The controversy surrounding the death of a young political assistant at the MACC office will now force Malaysians to look seriously into the decline in standing and credibility of our state institutions, and to ask how they can arrest the slide in performance and credibility of public institutions such as the anti-corruption commission, observes Farish Noor.
The term ‘Asubhabhavana’ is familiar with many historians of Buddhist theology by now, for it refers to a meditative mode of introspection that has become ritual practice over the centuries. In layman’s terms, Asubhabhavana refers to the simple process of self-reflection and mental back-tracking where one contemplates the manifold paths, steps and mis-steps that were taken to get us to where we are today; prompting the simple yet direct question: “Why have I become what I am today, and what were the mistakes that I made that continue to hurt me now?”
As it is with individual subjectivities, so is it with states, governments and institutions. For when we look at the process of historical development and decline of so many post-colonial societies, we also need to ask what were the steps and mis-steps that were taken to get them to their present state of degeneration and decline?
A case in point is the recent one in Malaysia, where a young political assistant from the DAP opposition party was found dead under the most suspicious of circumstances. The young man had been summoned by the Malaysian Anti-Corruption Commission (MACC) to its offices in order to answer some questions related to allegations of corrupt political practice. The next time anyone sees him, he is found lying dead on the rooftop of the building next door. Needless to say the fact that the young man may have died while under MACC custody begs the immediate and obvious questions: how did he die, and why? This is the burning question that has brought Malaysians of all walks of life, across the political divide, together. Already the same question is being asked even by the component parties of the BN ruling coalition, and prominent BN leaders have likewise called for an inquiry into what happened that day at the MACC office.
Sadly, Malaysia’s convoluted politics has begun to twist the facts of the case. The death of the young man has been turned into a racial-ethnic issue, with the vernacular Malay press in particular arguing that those who question the official version of the story are actually working to undermine the Malaysian government and its related public institutions that are dominated by Malay Malaysians. But no amount of spin can alter the fact that the death of the young man was mysterious to say the least; and no amount of spin can alter the fact that Malaysians want to know the truth.
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Firstly, it has to be noted that Malaysians have every right to complain about and to question the conduct of state institutions that are, after all, being paid for by Malaysian taxpayers themselves. To suggest otherwise would be to miss the point that state institutions are there to serve the needs of the citizenry and that it is the citizenry who have the right as stakeholders to ensure that the institutions of governance are run well. For if Malaysian citizens are not allowed to ask how institutions like the MACC are run, then who is?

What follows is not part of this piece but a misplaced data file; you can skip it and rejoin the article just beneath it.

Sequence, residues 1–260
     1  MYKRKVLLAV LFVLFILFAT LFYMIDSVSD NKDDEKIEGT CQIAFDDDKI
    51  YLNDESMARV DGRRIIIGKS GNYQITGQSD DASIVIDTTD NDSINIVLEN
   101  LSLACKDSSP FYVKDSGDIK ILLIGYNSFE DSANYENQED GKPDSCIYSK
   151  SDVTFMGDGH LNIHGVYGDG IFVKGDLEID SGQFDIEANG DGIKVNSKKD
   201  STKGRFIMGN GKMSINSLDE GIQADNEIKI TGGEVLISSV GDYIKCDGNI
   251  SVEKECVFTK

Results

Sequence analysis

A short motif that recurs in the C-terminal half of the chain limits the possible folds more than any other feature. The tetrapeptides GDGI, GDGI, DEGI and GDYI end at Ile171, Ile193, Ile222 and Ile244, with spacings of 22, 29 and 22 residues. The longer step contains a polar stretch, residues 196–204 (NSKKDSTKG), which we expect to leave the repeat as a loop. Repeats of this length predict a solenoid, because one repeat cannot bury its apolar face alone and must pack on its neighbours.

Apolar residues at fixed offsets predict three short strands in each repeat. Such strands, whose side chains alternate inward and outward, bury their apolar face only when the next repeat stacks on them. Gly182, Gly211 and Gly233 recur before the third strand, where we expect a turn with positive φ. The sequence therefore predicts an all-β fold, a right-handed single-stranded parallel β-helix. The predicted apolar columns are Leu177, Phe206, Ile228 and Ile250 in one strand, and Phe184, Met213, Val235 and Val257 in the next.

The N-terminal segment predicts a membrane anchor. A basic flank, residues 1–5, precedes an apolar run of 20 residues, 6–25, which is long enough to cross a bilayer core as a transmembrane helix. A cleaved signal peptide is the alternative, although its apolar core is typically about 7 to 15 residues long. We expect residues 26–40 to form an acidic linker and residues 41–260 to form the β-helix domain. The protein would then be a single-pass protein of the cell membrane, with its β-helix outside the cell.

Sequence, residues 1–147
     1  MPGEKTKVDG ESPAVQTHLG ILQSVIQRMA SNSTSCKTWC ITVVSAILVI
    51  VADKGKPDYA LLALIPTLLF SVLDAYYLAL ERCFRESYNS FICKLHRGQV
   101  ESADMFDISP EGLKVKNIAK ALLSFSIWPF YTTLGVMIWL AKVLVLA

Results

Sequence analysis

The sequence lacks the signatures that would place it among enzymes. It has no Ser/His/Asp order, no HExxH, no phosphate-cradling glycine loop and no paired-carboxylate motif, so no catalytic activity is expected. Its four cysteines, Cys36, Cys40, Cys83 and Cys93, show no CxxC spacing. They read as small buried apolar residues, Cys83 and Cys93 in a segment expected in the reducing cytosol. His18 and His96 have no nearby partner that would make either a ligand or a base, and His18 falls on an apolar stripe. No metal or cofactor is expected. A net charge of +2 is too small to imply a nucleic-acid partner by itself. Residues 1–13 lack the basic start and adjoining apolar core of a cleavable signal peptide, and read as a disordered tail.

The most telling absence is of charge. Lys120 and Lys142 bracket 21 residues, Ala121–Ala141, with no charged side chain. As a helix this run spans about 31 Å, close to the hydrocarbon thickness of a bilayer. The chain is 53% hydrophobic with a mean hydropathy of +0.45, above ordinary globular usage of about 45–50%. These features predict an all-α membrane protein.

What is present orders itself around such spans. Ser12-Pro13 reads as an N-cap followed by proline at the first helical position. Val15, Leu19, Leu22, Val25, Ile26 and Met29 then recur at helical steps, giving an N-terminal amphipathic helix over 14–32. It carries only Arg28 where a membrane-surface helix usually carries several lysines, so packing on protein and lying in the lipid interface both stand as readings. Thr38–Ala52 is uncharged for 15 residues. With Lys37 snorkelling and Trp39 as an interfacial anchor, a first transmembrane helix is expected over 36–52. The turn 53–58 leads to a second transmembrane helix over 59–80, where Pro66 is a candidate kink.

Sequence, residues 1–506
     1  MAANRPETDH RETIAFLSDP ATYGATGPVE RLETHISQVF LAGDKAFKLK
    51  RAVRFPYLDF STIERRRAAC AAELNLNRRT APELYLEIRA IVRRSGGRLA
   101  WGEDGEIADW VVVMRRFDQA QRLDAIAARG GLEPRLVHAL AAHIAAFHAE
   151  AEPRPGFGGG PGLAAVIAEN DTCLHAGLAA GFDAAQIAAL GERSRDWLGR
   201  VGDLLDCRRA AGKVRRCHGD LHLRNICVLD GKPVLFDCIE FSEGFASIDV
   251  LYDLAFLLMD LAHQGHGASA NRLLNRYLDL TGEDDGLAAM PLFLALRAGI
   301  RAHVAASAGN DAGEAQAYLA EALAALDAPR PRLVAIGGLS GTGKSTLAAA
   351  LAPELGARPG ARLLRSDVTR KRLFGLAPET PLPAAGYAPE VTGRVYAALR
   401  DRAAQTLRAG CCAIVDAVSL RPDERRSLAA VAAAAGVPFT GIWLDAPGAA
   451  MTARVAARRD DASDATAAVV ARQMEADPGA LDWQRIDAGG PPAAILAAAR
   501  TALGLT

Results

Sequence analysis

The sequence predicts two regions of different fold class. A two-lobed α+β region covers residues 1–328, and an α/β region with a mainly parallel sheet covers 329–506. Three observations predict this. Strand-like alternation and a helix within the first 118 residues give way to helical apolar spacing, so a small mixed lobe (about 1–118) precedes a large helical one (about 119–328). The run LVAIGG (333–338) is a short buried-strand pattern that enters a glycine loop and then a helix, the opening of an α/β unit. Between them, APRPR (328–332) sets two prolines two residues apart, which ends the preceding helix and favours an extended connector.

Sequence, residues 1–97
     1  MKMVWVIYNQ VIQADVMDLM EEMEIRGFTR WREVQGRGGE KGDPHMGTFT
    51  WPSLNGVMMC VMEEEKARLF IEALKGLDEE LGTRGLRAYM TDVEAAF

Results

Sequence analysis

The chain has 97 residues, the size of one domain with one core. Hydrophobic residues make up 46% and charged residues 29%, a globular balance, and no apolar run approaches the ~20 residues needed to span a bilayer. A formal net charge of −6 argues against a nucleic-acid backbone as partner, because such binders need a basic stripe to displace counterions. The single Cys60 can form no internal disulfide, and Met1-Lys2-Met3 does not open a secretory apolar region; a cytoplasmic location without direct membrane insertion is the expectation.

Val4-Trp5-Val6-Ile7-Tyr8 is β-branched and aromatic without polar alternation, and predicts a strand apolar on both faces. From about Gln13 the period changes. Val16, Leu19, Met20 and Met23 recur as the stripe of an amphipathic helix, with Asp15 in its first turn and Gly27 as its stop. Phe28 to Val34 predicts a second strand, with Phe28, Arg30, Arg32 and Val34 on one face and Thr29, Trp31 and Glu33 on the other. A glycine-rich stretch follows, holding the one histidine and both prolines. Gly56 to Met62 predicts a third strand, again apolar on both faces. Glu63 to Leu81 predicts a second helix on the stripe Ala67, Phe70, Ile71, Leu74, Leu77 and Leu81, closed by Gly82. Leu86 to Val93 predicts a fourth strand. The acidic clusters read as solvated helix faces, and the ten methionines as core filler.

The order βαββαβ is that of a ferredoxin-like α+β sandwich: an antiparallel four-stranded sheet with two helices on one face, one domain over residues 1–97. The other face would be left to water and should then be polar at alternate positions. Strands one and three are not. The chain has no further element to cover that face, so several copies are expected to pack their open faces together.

Which brings us to the second question: namely, who does run these institutions? In so many developing post-colonial societies, we have seen how the institutions of the state such as the police, army and judiciary are used and abused by entrenched political elites who continue to act and behave as if these institutions are part of their party-political apparatus. In the worst case scenario, as we have seen in countries like Indonesia (under Suharto) and the Philippines (under Marcos), the army and police were no more than extensions of the political apparatus of the dictators in power. In other countries across Africa and Asia, we have seen how anti-corruption agencies were used in the most biased and selective manner, to bring about the selective persecution of opposition politicians, activists and members of the public.
In the long run, these casual and routine instances where the distinction between political elites and the institutions of state are blurred will do more damage to the latter than the former. One should not wish for a situation as was the case when Zulfikar Ali Bhutto of Pakistan even had his own pseudo-state paramilitary apparatus, the Federal Security force, at his beck and call. In such instances, the state has all but dissolved itself and things can only degenerate further.
Which brings us to the theme of Asubhabhavana and the need for states to be self-reflective and for societies to ask how and why did the institutions of governance slide so far? The controversy surrounding the death of the young political assistant at the office of the MACC will now force Malaysians to look seriously into the decline in standing and credibility of our state institutions, and to ask how they can arrest the slide in performance and credibility of bodies such as the anti-corruption commission. To be sure, Malaysia – like all countries – needs an anti-corruption commission, but it has to be one that is credible, transparent and accountable to the people themselves, and not merely to political elites in power. Anything less will make a mockery of the process of governance and reduce us to the level of the proverbial banana republic, where state violence is normalised and the rule of law rendered irrelevant.
Malaysia is a country that now has 1,535 cases of death in custody as part of its developmental record. If that figure alone does not give us cause to pause and reflect on how far we have veered from the ideal set by the nation’s founding fathers, then nothing will.